Quant's influence within the fashion community was once enormous.
In Vogue: Twentieth Century Fashion, it says: "Quant had a
cataclysmic effect on London, with her simple daisy motif, short
skirts, mix of music and model, Twiggy." Quant's "international
name and logo, associated with youth and freshness, enabled her
to change direction and encompass kitchenware, stationery and fabulous
Quant was the unrivalled queen of swinging London,
not only did she create Chelsea Girl but also kicked off the trendiness
of the city's Kings Road.
Quant did not just design, but influenced the attitude
of the 60s. She dyed her pubic hair green and told the public about
it, and infamously spoke about taboo area "the crotch"
in an interview for The Guardian's 1967 groundbreaking series, The
Quant's shop Bazaar - which she set up with her
husband - was the place to be in London. The Beatles often popped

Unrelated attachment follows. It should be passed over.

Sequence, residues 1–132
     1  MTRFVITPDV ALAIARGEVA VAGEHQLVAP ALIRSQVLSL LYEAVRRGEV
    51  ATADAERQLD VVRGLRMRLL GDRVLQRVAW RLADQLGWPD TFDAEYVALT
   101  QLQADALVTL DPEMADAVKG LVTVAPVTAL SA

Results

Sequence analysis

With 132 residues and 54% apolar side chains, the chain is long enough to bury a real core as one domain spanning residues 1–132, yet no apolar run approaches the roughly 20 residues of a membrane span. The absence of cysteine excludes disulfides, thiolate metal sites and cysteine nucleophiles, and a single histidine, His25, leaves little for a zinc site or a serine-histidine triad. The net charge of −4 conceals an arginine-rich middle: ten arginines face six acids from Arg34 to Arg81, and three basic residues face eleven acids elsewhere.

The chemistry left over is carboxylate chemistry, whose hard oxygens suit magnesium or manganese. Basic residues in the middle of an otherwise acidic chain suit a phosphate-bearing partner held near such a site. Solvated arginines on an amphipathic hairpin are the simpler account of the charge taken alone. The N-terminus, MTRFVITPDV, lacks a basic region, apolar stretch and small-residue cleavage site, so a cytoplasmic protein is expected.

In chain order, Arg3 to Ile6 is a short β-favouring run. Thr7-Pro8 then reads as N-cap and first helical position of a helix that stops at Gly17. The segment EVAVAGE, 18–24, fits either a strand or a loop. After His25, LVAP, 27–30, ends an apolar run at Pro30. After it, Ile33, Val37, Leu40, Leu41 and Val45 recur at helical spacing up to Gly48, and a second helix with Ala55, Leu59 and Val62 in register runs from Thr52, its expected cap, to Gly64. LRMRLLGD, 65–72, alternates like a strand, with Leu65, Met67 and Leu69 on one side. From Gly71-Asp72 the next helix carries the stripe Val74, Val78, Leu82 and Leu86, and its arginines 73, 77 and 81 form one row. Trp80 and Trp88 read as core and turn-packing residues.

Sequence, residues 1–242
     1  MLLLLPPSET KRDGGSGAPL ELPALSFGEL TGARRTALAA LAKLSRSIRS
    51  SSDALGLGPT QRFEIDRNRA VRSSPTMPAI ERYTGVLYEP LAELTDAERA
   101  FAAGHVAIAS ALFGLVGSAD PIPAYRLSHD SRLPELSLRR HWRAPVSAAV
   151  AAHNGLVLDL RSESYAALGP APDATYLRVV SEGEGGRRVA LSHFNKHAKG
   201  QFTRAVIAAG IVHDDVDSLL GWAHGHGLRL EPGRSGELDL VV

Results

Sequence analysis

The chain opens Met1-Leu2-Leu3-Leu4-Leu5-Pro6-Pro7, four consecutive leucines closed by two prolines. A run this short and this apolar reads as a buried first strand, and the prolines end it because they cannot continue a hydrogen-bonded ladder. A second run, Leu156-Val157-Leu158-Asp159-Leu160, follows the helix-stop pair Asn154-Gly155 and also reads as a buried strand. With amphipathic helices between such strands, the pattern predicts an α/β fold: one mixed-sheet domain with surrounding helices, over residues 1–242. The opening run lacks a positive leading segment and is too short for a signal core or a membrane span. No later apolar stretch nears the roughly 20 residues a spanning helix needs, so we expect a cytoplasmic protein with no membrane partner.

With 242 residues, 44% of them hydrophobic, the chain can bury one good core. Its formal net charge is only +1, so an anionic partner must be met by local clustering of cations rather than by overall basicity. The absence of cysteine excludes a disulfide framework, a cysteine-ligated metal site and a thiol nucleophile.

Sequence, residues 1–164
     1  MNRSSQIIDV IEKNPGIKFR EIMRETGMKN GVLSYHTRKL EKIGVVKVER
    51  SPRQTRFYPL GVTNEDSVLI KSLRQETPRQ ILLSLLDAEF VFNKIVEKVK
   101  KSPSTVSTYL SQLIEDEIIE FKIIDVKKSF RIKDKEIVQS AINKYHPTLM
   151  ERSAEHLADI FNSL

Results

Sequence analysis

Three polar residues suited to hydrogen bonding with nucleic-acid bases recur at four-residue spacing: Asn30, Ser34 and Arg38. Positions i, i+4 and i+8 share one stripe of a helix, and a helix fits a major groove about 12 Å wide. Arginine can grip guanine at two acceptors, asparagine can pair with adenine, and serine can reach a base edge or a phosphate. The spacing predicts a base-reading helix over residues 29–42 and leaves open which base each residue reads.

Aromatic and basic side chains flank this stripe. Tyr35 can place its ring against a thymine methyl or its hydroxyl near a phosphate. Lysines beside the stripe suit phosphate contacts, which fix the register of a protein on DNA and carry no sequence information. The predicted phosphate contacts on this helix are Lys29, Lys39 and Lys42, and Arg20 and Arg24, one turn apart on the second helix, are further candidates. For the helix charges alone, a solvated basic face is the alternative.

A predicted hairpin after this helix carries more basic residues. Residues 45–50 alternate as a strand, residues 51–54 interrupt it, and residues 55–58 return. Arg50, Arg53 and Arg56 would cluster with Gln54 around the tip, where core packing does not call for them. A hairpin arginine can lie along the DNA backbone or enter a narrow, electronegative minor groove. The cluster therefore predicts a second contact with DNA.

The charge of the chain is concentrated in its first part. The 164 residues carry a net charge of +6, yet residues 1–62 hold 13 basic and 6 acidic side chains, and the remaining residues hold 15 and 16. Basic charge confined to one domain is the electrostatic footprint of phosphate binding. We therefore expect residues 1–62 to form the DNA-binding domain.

in to buy designs for their girlfriends and George Harrison married
the model Patti Boyd in clothes designed by Quant. Her friends include
David Bailey and Terence Conran and Sassoon still cuts that famous
hair every now and again.
Quant's designs played with proportion:
men's shirts were slimmed down and elongated and worn, just with
tights, by women; hotpants appeared for the first time. Even knickerbockers
made a brief comeback.
Quant was responsible for hot pants, the Lolita
look, the slip dress, PVC raincoats, smoky eyes and sleek bob haircuts,
but it was make-up that eventually made her company the most money.
Her immediately identifiable bottles of nail varnish and capsules
of lipstick were licensed to be sold around the world. The current
license is held by Mary Quant Cosmetics Japan Ltd - there are now
more than 200 Mary Quant Colour shops in Japan, generating around
£95m a year, while there are just two in London.